Brock was sentenced to two years of jail, followed by two years of supervised release.
Larry Brock, a retired Air Force officer, was sentenced to two years in prison for storming the US Capitol on Friday.
The retired officer, 55, joined the riots on the Senate floor minutes after Vice President, Mike Pence, senators, and staff members evacuated the chamber to escape the attackers on January 2021.
Brock was sentenced to two years of jail, followed by two years of supervised release. US District Judge John Bates also ordered Brock to perform 100 hours of community service.
Brock, who refused to speak in court before the judge, is to be detained at a date yet to be determined. Persecutors originally recommended a sentence of five years, followed by three years of supervised release.
Judge Bates convicted the former officer back in November after a trial without the presence of a jury. Brock had waived his right to a jury trial.
Bates pointed out that Brock has expressed “very troubling” and violent rhetoric before the riot on January 6. He also read aloud several of Brock’s social media postings and commented on them.
“That’s chilling stuff, and it does reflect a purpose to stop the certification of the election,” Bates said.
An example would be that Brock believed in baseless conspiracy theories that the presidential election in 2020 was stolen from former President Donald Trump.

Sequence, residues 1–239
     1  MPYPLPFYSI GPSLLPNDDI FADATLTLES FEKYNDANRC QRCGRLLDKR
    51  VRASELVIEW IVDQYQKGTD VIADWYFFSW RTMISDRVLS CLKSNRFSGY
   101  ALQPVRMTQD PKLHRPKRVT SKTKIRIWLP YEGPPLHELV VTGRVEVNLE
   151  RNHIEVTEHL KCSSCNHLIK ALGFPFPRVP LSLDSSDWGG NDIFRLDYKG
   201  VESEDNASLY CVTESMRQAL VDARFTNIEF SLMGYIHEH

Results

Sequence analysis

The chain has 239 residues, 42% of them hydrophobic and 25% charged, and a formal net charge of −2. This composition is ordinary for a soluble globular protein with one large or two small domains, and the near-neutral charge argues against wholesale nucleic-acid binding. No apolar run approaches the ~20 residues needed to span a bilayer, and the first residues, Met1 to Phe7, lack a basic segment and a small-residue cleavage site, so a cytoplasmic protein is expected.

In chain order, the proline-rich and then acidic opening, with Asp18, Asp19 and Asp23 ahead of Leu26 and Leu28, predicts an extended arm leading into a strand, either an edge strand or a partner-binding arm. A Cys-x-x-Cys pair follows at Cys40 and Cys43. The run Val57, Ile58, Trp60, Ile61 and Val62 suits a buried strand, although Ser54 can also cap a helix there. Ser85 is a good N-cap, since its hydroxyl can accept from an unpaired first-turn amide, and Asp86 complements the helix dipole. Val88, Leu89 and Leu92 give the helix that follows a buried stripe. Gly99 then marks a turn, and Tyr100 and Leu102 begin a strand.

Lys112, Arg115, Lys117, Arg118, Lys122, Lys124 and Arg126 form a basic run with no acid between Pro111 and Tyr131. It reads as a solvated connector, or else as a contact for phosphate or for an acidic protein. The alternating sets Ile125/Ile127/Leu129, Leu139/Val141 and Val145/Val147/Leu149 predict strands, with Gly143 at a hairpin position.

“When we get to the bottom of this conspiracy we need to execute the traitors that are trying to steal the election, and that includes the leaders of the media and social media aiding and abetting the coup plotters,” Brock wrote in a Nov. 9. 2020, post on Facebook.
“Begin interrogations using measures we used on al-Qaida to gain evidence on the coup,” he wrote.
His “plan of action” also called for a “general pardon for all crimes up to and including murder of those restoring the Constitution and putting down the Democratic Insurrection.”
“Do not kill LEO unless necessary,” he wrote referring to law enforcement officers.
“Had the Senate Gallery not been emptied minutes before, Brock could have come face-to-face with the politicians he had fantasized about seizing and interrogating,” prosecutors wrote in a court filing.
The court filing also included that if Mr. Brock was in reality motivated by high ideals, this should significantly reduce his culpability even if the court disagrees with his views.
Brock was wearing his helmet and tactical vest when he joined the riot attacking the Capitol.
A retired Air Force major general wrote a letter to the judge praising Brock’s military service since, as mentioned in the letter, Brock risked his life to protect US forces from a Taliban attack.
“The result thwarted enemy advances on U.S. personnel, saved U.S. lives, and defused an ever-escalating situation for the forces at that remote base in Afghanistan,” the major general wrote.